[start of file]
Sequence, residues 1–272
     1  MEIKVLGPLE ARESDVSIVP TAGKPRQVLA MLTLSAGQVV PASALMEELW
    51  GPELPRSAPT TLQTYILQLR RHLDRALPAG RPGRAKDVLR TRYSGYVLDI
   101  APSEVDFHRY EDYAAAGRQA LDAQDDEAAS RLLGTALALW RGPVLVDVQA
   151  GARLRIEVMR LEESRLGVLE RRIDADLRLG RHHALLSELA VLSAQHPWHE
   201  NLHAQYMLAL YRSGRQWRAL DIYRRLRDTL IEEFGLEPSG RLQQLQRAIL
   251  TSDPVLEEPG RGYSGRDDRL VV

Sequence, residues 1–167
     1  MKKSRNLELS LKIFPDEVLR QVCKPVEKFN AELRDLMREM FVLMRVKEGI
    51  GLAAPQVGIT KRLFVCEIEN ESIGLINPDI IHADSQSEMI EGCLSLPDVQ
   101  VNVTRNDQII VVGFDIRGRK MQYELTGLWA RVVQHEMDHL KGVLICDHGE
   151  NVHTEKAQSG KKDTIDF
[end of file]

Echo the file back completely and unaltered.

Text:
Sequence, residues 1–272
     1  MEIKVLGPLE ARESDVSIVP TAGKPRQVLA MLTLSAGQVV PASALMEELW
    51  GPELPRSAPT TLQTYILQLR RHLDRALPAG RPGRAKDVLR TRYSGYVLDI
   101  APSEVDFHRY EDYAAAGRQA LDAQDDEAAS RLLGTALALW RGPVLVDVQA
   151  GARLRIEVMR LEESRLGVLE RRIDADLRLG RHHALLSELA VLSAQHPWHE
   201  NLHAQYMLAL YRSGRQWRAL DIYRRLRDTL IEEFGLEPSG RLQQLQRAIL
   251  TSDPVLEEPG RGYSGRDDRL VV

Sequence, residues 1–167
     1  MKKSRNLELS LKIFPDEVLR QVCKPVEKFN AELRDLMREM FVLMRVKEGI
    51  GLAAPQVGIT KRLFVCEIEN ESIGLINPDI IHADSQSEMI EGCLSLPDVQ
   101  VNVTRNDQII VVGFDIRGRK MQYELTGLWA RVVQHEMDHL KGVLICDHGE
   151  NVHTEKAQSG KKDTIDF